If you find yourself spending too long on getting everything done, or worse not finishing anything, then you will need to change the way you think about your work. Cognitive behavioral therapy teaches us how our thought patterns dictate our behavior and about how we can get into bad habits cognitively that result in a range of psychological issues.

For instance in the case of perfectionism you might find yourself thinking things like ‘this isn’t good enough’, ‘that picture is in the wrong place and it’s really getting on my nerves’, ‘I’ll lose respect if I release it like this’ or ‘everything has to be perfect’. These then result in your mildly obsessive behavior so you need to identify the times you have bad thoughts (CBT encourages ‘listening to your thoughts’ using a technique called mindfulness which is like meditation where you don’t try to clear your mind) and then replace them with more positive ones such as ‘there’s no such thing as perfect’, ‘this is as good as it can get’, ‘if I keep adding to it I’ll lose the rawness of it’, ‘I need to get it out there so that I can get some feedback and make some progress’. One way to do this is by using positive affirmations – say these things out loud and regularly when you are working so that they become habitual thoughts in the same way your perfectionism currently is.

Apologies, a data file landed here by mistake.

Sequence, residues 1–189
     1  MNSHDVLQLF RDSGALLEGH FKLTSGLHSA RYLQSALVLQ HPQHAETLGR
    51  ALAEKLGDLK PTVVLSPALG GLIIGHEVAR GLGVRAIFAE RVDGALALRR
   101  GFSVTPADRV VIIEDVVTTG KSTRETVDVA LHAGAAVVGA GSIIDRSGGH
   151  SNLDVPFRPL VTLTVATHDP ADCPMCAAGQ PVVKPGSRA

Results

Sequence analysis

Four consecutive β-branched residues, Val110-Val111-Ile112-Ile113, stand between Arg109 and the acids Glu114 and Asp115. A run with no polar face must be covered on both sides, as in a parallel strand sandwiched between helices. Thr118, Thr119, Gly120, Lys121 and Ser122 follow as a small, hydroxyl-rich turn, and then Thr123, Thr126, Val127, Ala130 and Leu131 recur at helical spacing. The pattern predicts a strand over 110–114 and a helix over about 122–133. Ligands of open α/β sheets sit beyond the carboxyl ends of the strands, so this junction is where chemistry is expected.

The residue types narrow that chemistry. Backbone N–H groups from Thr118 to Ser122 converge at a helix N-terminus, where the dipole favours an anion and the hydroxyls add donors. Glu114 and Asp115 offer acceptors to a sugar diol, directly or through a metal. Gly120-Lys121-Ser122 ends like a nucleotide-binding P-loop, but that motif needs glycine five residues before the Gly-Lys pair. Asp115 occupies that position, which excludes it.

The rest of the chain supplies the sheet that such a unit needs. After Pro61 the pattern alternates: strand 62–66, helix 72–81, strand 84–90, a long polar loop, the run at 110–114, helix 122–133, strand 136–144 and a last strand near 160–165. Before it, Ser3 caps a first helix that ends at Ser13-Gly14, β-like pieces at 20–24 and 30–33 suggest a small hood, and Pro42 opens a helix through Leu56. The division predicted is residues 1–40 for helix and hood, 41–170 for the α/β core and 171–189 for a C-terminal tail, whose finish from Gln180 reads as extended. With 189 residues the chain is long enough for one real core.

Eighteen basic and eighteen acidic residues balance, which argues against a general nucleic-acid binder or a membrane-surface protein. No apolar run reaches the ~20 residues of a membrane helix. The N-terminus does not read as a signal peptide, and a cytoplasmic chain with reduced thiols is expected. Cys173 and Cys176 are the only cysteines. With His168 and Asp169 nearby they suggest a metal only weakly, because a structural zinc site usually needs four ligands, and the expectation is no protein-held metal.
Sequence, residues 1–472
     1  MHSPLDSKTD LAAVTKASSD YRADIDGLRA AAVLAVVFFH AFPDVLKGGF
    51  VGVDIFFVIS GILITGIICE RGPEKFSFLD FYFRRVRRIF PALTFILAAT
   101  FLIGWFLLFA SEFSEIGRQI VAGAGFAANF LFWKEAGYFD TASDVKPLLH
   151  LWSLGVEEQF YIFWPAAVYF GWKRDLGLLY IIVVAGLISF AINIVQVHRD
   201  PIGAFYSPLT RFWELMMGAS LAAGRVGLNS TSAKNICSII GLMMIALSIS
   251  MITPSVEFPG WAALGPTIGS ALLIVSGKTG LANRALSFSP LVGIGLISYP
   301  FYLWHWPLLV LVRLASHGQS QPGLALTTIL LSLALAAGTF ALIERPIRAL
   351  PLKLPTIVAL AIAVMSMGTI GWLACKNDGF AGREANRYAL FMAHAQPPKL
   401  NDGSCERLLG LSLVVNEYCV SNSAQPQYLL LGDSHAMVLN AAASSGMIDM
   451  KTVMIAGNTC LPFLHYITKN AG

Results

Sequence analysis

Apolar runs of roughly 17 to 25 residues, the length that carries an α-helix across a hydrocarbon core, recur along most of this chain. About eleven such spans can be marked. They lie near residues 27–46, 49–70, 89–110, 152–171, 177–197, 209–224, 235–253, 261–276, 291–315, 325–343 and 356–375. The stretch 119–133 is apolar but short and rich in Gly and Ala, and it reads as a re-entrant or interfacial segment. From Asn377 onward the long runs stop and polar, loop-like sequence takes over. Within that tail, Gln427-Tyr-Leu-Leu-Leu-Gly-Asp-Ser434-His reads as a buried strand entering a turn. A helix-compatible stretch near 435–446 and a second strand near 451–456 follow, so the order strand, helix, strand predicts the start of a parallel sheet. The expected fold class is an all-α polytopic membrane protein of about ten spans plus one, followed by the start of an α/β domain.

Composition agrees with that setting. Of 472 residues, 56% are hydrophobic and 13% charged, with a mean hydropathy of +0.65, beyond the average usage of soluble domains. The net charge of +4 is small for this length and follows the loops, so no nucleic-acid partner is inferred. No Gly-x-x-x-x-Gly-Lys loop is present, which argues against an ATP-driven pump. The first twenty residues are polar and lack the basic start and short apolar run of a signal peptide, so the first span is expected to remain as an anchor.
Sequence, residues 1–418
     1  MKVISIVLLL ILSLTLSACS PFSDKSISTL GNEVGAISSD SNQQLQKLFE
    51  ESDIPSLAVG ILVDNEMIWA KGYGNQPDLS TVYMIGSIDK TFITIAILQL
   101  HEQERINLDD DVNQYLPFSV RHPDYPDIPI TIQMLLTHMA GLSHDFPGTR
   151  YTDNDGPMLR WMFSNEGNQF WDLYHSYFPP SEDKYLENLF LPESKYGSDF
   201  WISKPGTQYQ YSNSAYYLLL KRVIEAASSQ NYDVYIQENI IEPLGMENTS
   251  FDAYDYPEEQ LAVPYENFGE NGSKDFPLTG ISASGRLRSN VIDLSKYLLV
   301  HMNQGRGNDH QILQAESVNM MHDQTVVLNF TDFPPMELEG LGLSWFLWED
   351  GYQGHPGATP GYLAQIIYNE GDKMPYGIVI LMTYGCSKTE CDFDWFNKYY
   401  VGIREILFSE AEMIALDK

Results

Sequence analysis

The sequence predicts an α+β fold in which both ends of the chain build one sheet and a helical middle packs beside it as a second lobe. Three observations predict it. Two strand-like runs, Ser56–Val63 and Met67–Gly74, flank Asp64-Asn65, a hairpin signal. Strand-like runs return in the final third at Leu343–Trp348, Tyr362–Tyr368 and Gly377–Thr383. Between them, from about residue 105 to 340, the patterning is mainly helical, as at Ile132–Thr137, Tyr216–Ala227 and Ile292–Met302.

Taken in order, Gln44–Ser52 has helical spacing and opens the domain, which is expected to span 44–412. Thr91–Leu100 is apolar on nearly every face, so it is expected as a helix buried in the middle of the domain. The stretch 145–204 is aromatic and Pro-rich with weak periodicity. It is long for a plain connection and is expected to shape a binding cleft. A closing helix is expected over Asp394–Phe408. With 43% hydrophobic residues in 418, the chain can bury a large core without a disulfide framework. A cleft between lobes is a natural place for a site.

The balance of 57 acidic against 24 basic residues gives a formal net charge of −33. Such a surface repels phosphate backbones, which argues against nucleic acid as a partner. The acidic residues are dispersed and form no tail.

The Alternative to Perfectionism

In business it is said that if you aren’t embarrassed of your first release, then you launched too late. This is of course a slightly sweeping statement and perhaps embarrassment is a little strong. However it is founded on good reasoning – which is that too many people take too long to create something and pour too many resources into a single project which essentially means putting their eggs all in one basket and leaping without looking.

The alternative is to rush out a product and to see how it goes. Of course this could be slightly damaging to a company’s reputation but there are ways to get around this – such as tacking the word ‘beta’ on the end, or giving it only to testers, or selling it very cheaply. However once it’s out there this will help you to understand more clearly whether or not this is a product or service that has legs. If it completely flops then you can stop working on it and move onto something else – no more time wasted making sure that the box has a frilly boarder around the edge.